5 Things We Learned From Kanye West’s Interview With David Letterman

Kanye reveals his admiration for Andy Kaufman, explains why he doesn't take medicine for his bi-polar, and rebukes liberal bullies

Kanye West on My Next Guest Needs No Introduction with David Letterman

The second season of David Letterman’s Netflix interview series, My Next Guest Needs No Introduction, premieres Friday and includes a conversation with Kanye West.

The 60-minute episode runs the gamut of topics, from Kanye’s mental health, to his politics, to his fashion line and Sunday Service performance series. Here are five big takeaways:

1. Kanye credits comedian Andy Kaufman as one of his biggest influences

As Letterman tries on various items from the YEEZY collection, Kanye explains the inspiration for his 700 Boost sneakers, which he himself describes as dad shoes. While some rappers have begun wearing the sneakers ironically, Kanye says, “I take everything literal. Like, how Andy Kaufman started literally being a wrestler, it wasn’t like a play.”

Letterman goes on to ask more about Kanye’s affinity for Kaufman. “He gave me courage. How you deal with the media,” Kanye responds. “I’d far rather be an Andy Kaufman than the majority of the way people are letting the media pushing them around. I’m in front of the joke, the joke is on everyone else.”

2. Kanye, who was diagnosed as bi-polar two years ago, has not taken his medication for eight months

In explaining his battle with bi-polar disorder, Kanye describes to Letterman what it feels like when he is “ramped up”: “When you’re in this state, you’re hyper paranoid about everything. Everyone now is an actor, everything is a conspiracy. You feel the government is putting chips in your head, you feel you are being recorded. You feel everyone wants to kill you. You don’t trust anyone.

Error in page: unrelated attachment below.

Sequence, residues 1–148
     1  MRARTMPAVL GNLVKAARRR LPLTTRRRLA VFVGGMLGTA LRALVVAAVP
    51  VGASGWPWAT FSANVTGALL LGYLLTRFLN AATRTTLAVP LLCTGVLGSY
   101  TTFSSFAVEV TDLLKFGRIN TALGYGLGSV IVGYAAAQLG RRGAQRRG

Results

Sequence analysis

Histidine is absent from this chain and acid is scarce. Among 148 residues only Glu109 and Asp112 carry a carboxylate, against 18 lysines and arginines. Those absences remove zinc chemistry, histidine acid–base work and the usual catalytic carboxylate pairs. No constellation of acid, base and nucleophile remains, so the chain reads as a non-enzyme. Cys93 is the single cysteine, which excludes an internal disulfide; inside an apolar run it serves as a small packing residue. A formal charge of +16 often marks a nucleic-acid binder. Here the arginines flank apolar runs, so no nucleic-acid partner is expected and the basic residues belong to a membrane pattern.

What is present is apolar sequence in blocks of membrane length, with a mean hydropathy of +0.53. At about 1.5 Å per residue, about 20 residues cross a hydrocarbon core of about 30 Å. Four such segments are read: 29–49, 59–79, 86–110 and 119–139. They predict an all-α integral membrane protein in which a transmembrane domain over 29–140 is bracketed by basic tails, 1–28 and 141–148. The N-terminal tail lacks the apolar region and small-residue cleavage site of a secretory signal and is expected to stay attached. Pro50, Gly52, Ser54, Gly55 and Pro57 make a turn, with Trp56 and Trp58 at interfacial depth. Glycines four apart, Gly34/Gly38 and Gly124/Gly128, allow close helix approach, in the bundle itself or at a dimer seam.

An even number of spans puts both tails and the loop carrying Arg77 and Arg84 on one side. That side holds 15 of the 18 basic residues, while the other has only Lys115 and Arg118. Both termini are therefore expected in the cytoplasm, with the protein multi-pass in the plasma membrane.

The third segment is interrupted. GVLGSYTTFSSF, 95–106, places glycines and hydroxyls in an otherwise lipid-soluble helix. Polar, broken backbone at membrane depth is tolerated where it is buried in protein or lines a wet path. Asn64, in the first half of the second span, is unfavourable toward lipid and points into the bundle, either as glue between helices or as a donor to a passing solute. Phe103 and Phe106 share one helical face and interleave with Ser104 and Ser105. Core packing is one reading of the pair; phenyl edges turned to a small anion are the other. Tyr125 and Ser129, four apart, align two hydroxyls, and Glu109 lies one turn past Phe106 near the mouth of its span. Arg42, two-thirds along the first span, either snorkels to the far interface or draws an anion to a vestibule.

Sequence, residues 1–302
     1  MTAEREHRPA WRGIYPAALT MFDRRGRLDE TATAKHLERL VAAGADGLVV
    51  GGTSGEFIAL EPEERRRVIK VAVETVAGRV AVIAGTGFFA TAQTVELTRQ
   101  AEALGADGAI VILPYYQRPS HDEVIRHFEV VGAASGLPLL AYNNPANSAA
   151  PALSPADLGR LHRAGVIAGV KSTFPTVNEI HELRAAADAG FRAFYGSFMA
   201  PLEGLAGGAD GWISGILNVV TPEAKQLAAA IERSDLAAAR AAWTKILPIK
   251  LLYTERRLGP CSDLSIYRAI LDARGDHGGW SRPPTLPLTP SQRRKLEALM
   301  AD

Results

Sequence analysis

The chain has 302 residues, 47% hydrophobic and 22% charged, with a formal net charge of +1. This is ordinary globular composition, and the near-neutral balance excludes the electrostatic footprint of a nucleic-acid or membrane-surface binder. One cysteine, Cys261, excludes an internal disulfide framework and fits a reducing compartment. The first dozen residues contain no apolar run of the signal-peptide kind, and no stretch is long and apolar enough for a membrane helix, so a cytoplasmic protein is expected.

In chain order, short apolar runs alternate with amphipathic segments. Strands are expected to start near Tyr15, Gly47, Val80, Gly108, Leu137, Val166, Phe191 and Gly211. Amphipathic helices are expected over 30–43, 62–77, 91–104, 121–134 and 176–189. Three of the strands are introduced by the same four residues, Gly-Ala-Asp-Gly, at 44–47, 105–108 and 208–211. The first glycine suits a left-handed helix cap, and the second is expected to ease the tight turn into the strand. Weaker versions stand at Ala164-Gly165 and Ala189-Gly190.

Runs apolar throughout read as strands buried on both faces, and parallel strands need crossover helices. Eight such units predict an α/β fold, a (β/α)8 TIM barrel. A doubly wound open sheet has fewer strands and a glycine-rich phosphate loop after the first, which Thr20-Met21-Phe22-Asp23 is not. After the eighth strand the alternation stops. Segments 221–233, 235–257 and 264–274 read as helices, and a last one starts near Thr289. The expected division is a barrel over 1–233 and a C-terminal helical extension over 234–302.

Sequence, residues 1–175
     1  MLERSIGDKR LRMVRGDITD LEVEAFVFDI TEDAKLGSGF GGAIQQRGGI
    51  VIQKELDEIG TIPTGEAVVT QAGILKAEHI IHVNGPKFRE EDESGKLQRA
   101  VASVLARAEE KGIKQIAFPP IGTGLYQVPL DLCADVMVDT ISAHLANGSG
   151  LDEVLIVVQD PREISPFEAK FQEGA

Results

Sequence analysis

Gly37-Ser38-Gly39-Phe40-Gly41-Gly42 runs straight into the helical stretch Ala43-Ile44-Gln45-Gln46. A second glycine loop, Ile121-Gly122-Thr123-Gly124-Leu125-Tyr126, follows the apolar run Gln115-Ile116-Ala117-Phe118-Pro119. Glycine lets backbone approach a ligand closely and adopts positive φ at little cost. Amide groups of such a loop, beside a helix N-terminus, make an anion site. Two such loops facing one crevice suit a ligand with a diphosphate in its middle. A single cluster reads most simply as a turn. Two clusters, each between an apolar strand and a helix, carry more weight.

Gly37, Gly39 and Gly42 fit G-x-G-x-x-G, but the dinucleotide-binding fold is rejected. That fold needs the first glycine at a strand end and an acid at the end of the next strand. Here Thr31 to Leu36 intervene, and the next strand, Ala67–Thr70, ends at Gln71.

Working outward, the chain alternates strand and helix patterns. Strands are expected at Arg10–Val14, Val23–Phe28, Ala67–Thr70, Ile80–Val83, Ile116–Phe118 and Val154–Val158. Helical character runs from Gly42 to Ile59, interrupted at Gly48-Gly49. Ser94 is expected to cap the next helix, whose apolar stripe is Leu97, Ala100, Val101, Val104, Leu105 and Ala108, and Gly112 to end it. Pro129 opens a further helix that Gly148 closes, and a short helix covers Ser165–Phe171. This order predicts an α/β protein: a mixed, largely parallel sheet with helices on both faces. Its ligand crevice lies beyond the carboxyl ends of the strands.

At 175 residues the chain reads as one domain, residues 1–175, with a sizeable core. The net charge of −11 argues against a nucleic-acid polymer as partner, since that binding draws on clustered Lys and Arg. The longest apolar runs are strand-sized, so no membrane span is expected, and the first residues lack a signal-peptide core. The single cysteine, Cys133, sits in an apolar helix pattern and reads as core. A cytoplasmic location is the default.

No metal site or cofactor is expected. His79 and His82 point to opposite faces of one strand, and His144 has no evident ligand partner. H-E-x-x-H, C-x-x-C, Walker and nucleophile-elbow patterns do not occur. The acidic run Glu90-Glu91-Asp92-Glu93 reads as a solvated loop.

“And there’s this moment, when they handcuff you, they drug you, they put you on the bed, and they separate you from everyone you know. They don’t do that to pregnant women. That’s something I’m so happy I experienced myself, so I can start changing that moment. When you are in that state, you have to have someone you trust. It’s cruel and primitive.”

He continues, “I feel a heightened connection with the universe when I’m ramping up. It is a health issue that has a strong stigma on it, and people are allowed to say anything about it and discriminate in any way. This is like a sprained brain, it’s like having a sprained ankle. If someone has a sprained ankle, you’re not going to push on him more. With us, once our brain gets on the point of spraining, people do everything to make it worse. They do everything to make it worse.”

All that being said, Kanye describes his form of mental illness as “a luxury version” and he is not currently taking medication over fears it will limit him creatively. “That’s the reality,” Kanye explains. “If you guys want these crazy ideas, crazy stages, this crazy music, this crazy way of thinking… there’s a chance it might come from a crazy person.”